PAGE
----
3. Heat until they are a solid, round omelet and cooked thoroughly on one side, 2-4 minutes (you will need to tip the pan a few times to get all the extra runny uncooked eggs out to the side to cook, too)

4. Flip the eggs over and cook on the top side for a minute, too.

5. Remove the omelet from the pan and put on a plate.

6. Top with spinach leaves, tomato slices and cooked bacon slices. Fold the egg up into a wrap or taco shape!

Back from Non-Paleo Land…

I originally started writing this post a few months ago, and got really side-tracked with grad school starting, the gym getting swamped and just in general, way too many things on my plate at once. So I picked it back up and here we go:

“So some of you that I’ve talked with in the gym lately know that I took a very determined and purposeful jaunt off the beaten Paleo path back into non-Paleo land for almost 2 months. I binged and ate anything and everything I wanted, all the things that I normally don’t allow myself. I loved every minute of it. My ass and thighs gained a pound or two, not because I wasn’t eating Paleo, but because I was carbing it up and indulging. I am perfectly okay with that.

One thing I need to state first though, is that I purposefully did this and I purposefully decided that I was not going to feel bad or guilty about it for even a second. That is what made it possible and enjoyable. Why have a huge cheat only to feel bad about it? The purpose of a nutritional indiscretion is that you are letting yourself have something that you normally don’t for the sake of your sanity.

Now for the point of this post: get over yourself. Don’t take this personally, I say it to all of us collectively, including myself. If you walk around talking about Paleo-this and Paleo-that and worrying about whether potatoes are truly Paleo and that the black beans in the dip your co-worker made will send your soul to eternal non-primal purgatory, you need to get a life. Eating a Paleo diet is great, and for many of us, medically necessary. I fully endorse it and in no way do I want you to think that I am at all anti-Paleo.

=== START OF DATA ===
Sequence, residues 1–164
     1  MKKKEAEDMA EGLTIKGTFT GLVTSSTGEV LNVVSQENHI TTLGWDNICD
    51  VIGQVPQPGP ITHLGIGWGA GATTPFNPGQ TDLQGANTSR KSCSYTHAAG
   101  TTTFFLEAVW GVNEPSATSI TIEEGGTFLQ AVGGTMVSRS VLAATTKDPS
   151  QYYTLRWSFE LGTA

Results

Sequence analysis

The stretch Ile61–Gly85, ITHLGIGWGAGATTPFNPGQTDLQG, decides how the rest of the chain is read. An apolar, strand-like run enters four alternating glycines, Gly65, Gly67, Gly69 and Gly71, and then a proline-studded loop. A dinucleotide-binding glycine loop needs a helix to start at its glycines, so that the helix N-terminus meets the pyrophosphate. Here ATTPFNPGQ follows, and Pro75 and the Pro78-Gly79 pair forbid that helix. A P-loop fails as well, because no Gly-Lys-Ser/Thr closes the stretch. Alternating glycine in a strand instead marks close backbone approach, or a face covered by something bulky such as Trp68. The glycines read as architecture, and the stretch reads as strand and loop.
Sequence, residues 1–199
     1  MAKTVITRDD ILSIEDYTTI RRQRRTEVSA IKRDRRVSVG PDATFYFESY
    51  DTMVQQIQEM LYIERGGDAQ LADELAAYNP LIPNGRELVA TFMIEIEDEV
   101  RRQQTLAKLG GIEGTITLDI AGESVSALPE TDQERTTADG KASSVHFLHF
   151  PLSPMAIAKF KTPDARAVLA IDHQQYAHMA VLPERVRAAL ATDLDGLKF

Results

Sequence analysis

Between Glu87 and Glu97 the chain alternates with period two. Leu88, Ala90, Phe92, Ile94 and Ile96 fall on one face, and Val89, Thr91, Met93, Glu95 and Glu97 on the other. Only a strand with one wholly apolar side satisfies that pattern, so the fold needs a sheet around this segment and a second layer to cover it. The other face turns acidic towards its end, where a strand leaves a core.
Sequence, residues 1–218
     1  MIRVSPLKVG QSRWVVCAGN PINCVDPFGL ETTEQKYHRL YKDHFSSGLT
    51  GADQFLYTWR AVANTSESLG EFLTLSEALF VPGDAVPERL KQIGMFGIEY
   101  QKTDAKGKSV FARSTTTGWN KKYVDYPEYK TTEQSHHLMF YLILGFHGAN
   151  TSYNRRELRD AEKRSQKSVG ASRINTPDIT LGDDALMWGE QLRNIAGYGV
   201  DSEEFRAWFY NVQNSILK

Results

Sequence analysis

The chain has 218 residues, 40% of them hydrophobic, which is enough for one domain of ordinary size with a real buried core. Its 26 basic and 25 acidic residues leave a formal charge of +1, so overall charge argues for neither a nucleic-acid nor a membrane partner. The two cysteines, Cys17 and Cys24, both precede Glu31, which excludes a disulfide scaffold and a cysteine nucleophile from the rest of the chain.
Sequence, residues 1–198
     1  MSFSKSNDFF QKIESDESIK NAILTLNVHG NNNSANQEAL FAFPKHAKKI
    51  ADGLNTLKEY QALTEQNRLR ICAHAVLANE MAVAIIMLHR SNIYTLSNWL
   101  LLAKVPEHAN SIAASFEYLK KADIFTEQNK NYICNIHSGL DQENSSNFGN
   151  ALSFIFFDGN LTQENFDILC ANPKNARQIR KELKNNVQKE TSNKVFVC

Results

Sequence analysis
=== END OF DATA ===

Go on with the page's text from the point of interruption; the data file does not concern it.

But, during my absence from eating Paleo and blogging about it for my members and clients, I took some time to step back and look objectively at the Paleo community, and by association, the CrossFit community. One of the things that drove me mad was the amount of self-righteous bullshit I saw every day from the followers of this lifestyle: the people on my FB friends list that literally post every single thing they eat all day with pictures and then attack the non-Paleo eaters and make them feel bad about eating non-grassfed beef. Don’t be that guy. Then there are the chicks who go around giving seminars about why everyone needs to be Paleo and there is absolutely no other choice. If you’re not Paleo, you’re going to contract cancer tomorrow and die within the week.

You know what I learned? Eat some damn grains and sugar once in a while. Its not ‘good’ for you, but its good for you, if you catch my drift. It will remind you why you eat clean in the first place and it will let the rest of us know that you are actually human, instead of some repetitious dogma regurgitating robot that has a degree in oh, I don’t know English, Business, Sports medicine, Engineering, etc etc, but nothing nutritionally related at all, yet you are still an expert.

If you go to the grocery store down the street from me at just the right time, you might be able to witness me buying a box of cookies or a jar of (*gasp*) ketchup that’s full of sugar and definitely not organic. Guess what? I have a couple friends I’d like you to meet. Their names are ‘Who cares?’ and ‘I don’t give a shit.’

Before this turns into too much of a rant, I want to leave my readers with some encouragement. Eating a Paleo diet and following a primal lifestyle in a decidedly non-primal world is tough. REALLY tough. You have to be motivated. And maybe a little obsessive about things at times in order to stay on track. I figure if I eat the good stuff 85-90% of the time and the rest is just the good stuff that I don’t eat too often, I’m still doing better than 99.9% of America. Don’t let a day of cheat foods derail your efforts. Where a lot of us go wrong is we have a bad day and say ‘Well I f’d that up, so I might as well keeping f-ing it up and get fat again.’ In reality, just start again the next day. Write down everything you eat and enter it into an online diet tracker or a smart phone app if you need to. Share it with someone. Email it to me for all I care. Hold yourself accountable and let yourself have a reward every once in a while.”

In closing, here’s a great super easy recipe that you can make for a sweet cap to your dinner and it takes very little time and effort. It also uses the constantly in-your-face fall staple: apples. You can buy them by the bag at any local grocery store and many of us wonder…what can I do with bags of apples? Here you go:

Easy Baked Cinnamon Apples (and Cream, if you’re not a huge dairy-phobe)

Apples (however many you want)

Cinnamon (again, however much you want)

Butter, probably 2-3 Tbsp

optional: heavy cream

1. Preheat oven to 375F.

2. Core and slice the apples to the thickness you want (quarters, eighths)

3. Melt the butter in a glass baking dish

4. Coat each apple slice in the melted butter in the dish and sprinkle cinnamon over the slices.

5. Bake about 20 minutes.

6. Add heavy cream ( just a few tablespoons)

*optional, you can peel the apples, but I like to leave the peels on, they’re a little tart and they’re a great source of soluble and insoluble fiber, as well as some other nutrients that you won’t get in just the meat of the apple